Of course, in due time, there were smart grandchildren, too.  The heredity kept rolling because it was so very strong.

One thing being brilliant and competitive cannot do is prevent aging.  Fred and Nan aged gracefully…as gracefully as anyone can.  They were not satisfied with being like others, even in this realm.  So, they jogged and played tennis and swam races.  However, age steals abilities piece by piece.  And so, they eventually aged normally.  He had a bum heart valve.  She had a small stroke.  It didn’t matter.  They would “beat” these common maladies because they felt the world owed it to them.  They were, after all, far above average.  

Even with their hard work at staying fit, eventually Fred grew feeble and still tried to do it all.  He no longer could.  It made him mad, but he had to outperform Nan, and he made sure he did at every opportunity.

Nan, even with her stroke, outperformed Fred at every opportunity.  She made sure she did.

Then one day her daughter found her on the floor.  Another stroke, a major one.  She ended up in a hospital room and found herself crying.  She couldn’t win.  She couldn’t dress herself.  She couldn’t even form words correctly.

On the third day, the doctors gave her a little hope when the tests showed she had avoided damaging the part of the brain which meant the most to her, math skills.  She couldn’t write or speak very well, but she could do computations.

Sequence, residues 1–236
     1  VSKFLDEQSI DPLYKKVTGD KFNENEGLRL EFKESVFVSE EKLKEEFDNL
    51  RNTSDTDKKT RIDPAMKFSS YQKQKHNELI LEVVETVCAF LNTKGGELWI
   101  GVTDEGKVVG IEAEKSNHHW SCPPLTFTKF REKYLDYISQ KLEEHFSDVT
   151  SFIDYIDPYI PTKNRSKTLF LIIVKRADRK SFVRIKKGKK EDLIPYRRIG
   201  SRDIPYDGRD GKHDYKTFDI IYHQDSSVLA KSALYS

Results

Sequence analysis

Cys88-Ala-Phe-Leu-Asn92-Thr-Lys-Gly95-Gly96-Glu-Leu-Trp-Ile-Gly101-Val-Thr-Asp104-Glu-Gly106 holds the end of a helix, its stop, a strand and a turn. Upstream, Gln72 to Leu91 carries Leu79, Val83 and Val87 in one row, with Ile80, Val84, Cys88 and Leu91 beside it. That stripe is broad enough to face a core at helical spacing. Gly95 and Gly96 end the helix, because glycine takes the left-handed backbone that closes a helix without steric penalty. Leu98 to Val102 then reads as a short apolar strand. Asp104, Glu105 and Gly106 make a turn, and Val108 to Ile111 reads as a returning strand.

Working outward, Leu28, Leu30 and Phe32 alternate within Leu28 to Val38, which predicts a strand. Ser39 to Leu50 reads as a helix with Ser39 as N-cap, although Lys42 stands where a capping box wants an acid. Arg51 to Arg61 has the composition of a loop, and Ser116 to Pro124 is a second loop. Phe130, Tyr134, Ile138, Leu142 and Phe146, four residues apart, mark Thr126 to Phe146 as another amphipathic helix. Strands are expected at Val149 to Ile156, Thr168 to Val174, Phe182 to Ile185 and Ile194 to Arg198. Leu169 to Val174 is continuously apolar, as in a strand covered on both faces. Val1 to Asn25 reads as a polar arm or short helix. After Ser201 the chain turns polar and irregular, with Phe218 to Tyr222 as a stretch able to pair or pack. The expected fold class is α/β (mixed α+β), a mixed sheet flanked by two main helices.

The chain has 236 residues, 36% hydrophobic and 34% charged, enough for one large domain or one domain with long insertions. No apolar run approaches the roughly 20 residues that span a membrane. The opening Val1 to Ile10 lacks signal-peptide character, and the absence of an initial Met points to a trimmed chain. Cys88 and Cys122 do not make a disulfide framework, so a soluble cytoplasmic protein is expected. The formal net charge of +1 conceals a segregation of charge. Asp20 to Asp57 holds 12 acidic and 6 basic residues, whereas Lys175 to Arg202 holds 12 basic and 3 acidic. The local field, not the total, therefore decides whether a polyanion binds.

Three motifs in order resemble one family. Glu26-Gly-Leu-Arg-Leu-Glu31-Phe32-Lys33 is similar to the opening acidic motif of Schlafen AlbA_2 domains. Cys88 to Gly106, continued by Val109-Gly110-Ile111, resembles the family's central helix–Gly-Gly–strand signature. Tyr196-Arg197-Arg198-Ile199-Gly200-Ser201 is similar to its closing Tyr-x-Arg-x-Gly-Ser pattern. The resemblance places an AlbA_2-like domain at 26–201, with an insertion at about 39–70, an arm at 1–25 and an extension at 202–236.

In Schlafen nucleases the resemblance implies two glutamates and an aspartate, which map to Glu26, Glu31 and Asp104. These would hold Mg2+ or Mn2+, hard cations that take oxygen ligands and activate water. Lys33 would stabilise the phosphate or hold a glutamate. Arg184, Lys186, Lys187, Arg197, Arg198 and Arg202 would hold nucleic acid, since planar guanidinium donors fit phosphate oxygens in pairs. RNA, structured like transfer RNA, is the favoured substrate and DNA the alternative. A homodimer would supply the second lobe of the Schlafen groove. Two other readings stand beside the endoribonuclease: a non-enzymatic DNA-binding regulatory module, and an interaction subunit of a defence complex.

Fred was preparing the home for her care.  He set up the library with a hospital bed.  He would do all he could to care for her when she came home; and she knew it.

On day nine, her daughter entered the room earlier than usual with a grave look on her face.  She blurted, “Dad had a major heart attack at breakfast.  As the emergency medical technicians were taking him to the emergency room he had another.  He didn’t make it.”  And she cried hard.  He was her rock.  Not all grown children had a father who stood behind them all the way, as she had.  Someone who listened without judgement.  Someone who found the right loving words at the right times, for the right reasons.  

Nan couldn’t say much.  In fact, she didn’t need to say much.  However, she mustered the control to say the one thing she needed to say in that moment which she had wanted to say so many times before.  So, with utter clarity she breathed, “Bastard!”

In July I have something I am writing for Independence Day.  I like to invite others to share their creativity from time to time.  If you have a poem, artwork, or a writing which fits Independence Day please submit it to Owly’s email (label it for “July 4.”)  She has some standards for submissions.  I am not in charge of her site, I’m merely a guest.  

[PLEASE NOTE that Don is always open to discussing the thoughts and opinions he shares here and welcomes comments as shared in the comment section. He doesn’t use other social media platforms and won’t see whatever you’d like to share with him if you post it elsewhere.
ALSO, Don is always open to offer his thoughts on various topics. If you have a specific request, you can let him know in a comment; he reads – and replies to – them all. ~ Sherry]

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4 thoughts on “GUEST POST from Don – The Winner

  1. My stories are written mostly in verbal language. They are best read aloud to a friend. Try it.

    I always read them aloud to my wife (sometimes she has useful corrections). When the kids were younger I read stories to them, too.